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Charles A. Ruud: “The problem is I think Putin is not a reader, he does not know Russian culture...







Charles A. Ruud: “The problem is I think Putin is not a reader, he does not know Russian culture, he does not feel the Russian soul”









1.03.2023



During the 54 years Charles Ruud taught at the University of Western Ontario in London, Canada, he made over 40 trips to Moscow and St. Petersburg to conduct research In Russian archives. His books have concentrated on the the influence of liberal ideas in an authoritarian society. Email: ruudchuck@gmail.com

Authored books:

Fighting words: imperial censorship and the Russian press, 1804-1906. University of Toronto Press, 1982.

Russian entrepreneur: publisher Ivan Sytin of Moscow, 1851-1934. McGill-Queens Presss, 1990. Русский предприниматель московский издатель Иван Сытин. М.: Терра, 1996.

Fontanka, 16: the tsars' secret police. McGill-Queen's University Press, 1999. Фонтанка, 16: Политический сыск при царях. М.: Мысль, 1993.

The constant diplomat: Robert Ford in Moscow. McGill-Queen's University Press, 2009.

My life for the book: the memoirs of a Russian publisher by Ivan Dmitrievich Sytin. McGill-Queen's University Press, 2012.


Jan Assmann argues that the usual span of communicative (family) memory of modern people includes three generations (80-100 years). How deep is your family memory?


We Ruuds are from the Mid-West, from Minnesota. It is a Scandinavian area. My grandfather came from Norway; my grandmother, from Germany. Their eldest son, my father, became a printer. He wanted me to become a printer, but I chose to become a Russian historian and so learned to speak the Russian language that I love because it is so systematic, so predictable. And I think my English became better because of studying Russian. And the other great success in my early life was to marry Margie. Margie comes from Swedish background. I have concentrated on the Russian Empire censorship and I have to date written six books.


Why were you involved in Russian studies?


Great question. I wonder myself why did I do that? I think possibly I came along when was a particular interest of Americans we discovered at least we thought this that Russians and Americans are very much alike. Most Russians and most Americans share a sense of humor. Maybe you agree, maybe you do not, but I thought that harmony between two great peoples was interesting to understand how did that happened, what did that produce, what are the results, what are the effects on the World. These similarities I think were a reason why I was attracted in Russian studies. First and foremost I decided to make Russian studies when I decided to be a scholar. When I made choice I decided that for me Russian studies were most interesting. So I started concentrated on Russian studies. And gradually I found myself concentrated exclusively on Russian studies. Other subjects were interesting, but Russian studies were compelling. And that is all I have been thinking since that time. I like Russians. I started my university studies at Willamette University in Salem, Oregon in 1951 was graduated from there in 1955.


Were there any Russians among your University professors?


Yes. Eventually the most interesting professors were the émigrés. They went up to America and turned to universities to teach and became very influential scholars and professors. I think particularly about Mikhail Mikhailovich Karpovich. What a great man, a great fellow! I went to his classes at Harvard with great enthusiasm. He was fascinating. Following the February Revolution of 1917 Karpovich went to work for the new Provisional Government. After Bolsheviks took power he became a professor at Harvard. And I have been at Harvard where was Karpovich. That was fateful getting together of an evident student and superb scholar. I had never encountered anyone like Karpovich who had a quest of mind and ability to understand and in the same time to be humorous. I have decided since that time that humor is a characteristic of democratic people. And I think we all have the experience of speaking to others. At once you talk to democrats have present conversation. At once you talk to authoritarians have very doubtful conversation. Can you imagine for example having a good conversation with Donald Trump? That is impossible.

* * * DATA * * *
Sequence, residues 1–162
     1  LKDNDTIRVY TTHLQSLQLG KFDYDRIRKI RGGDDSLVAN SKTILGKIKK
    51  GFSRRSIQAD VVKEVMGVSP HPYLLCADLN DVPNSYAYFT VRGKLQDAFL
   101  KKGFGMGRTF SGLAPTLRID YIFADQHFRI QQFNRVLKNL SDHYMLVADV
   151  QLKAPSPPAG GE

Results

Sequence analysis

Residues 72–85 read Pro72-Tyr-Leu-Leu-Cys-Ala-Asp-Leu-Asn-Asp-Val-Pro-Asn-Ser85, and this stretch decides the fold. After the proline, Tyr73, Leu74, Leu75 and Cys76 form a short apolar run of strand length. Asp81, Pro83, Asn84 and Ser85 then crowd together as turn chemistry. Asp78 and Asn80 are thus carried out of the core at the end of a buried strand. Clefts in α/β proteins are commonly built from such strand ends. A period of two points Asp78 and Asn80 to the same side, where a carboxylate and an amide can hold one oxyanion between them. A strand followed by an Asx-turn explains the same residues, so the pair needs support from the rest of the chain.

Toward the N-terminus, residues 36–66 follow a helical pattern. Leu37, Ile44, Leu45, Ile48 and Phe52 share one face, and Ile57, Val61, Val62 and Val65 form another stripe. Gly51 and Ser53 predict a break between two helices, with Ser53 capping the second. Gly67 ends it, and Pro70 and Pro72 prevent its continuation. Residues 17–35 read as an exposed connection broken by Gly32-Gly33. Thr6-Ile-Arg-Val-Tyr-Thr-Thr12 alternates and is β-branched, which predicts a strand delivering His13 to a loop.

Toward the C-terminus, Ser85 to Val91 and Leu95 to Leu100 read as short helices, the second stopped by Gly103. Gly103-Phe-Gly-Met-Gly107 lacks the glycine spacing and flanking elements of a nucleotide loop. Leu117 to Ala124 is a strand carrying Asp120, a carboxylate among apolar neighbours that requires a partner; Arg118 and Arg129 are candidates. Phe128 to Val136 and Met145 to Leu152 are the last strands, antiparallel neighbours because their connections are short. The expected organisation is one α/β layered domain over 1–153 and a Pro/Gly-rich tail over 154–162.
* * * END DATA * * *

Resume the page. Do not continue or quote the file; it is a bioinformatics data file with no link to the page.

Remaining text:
Did Karpovich tell to the students any details regarding his experience during the Russian revolution?


Karpovich did not speak about himself. His course was advertised basically about Russian literature. Russian literature was a part of my awakening as a scholar. I simply was floored by Gogol, Turgenev, Tolstoy, and countless other Russian authors. What a magical world that was. And in my own courses I spent a lot of time urging my students to read Tolstoy or Gogol. I find Gogol the funniest author I have ever read. He is extraordinarily clever and amusing. What a great outlook on life!


Could you tell about your academic stages in the Soviet Union?


I went to Russia under the IREX exchange in 1966, a year after I earned my Ph.D. at U.C. Berkeley, and have since returned about forty times. And I found it an absolutely fascinating place. It was after I had earned my PhD. The Americans thought we were going to loosen up to the Soviets. I discovered later that some of the Russians thought they were going to loosen up up to the Americans. We had similar ideas. When I first got to the Soviet Union I was thinking that ‘well, I know the language,’ but I did not really know it well enough to converse fluently with it. So it surprised me to hear spoken Russian all around me and then I had to master. So the first year was learning of conversation with Russians, learning how to work in Russian archives, learning how to enjoy myself in Moscow. In all worked out and although some people thought that I am crazy I decided to go another time and I got absorbed in Russian studies. And I began to go back just to read in archives. That was a challenge but it was worth doing. Censorship was the main subject which I took with me into the Soviet Union. When I got there I met a Bulgarian and he said ‘You know you are a departure. It is interesting that the Soviets let you in when you are studying censorship.’ There was a kind of indicative of the changes that were taking place in Russia. So they let me in and let me working in archives and there is the beginning of the story.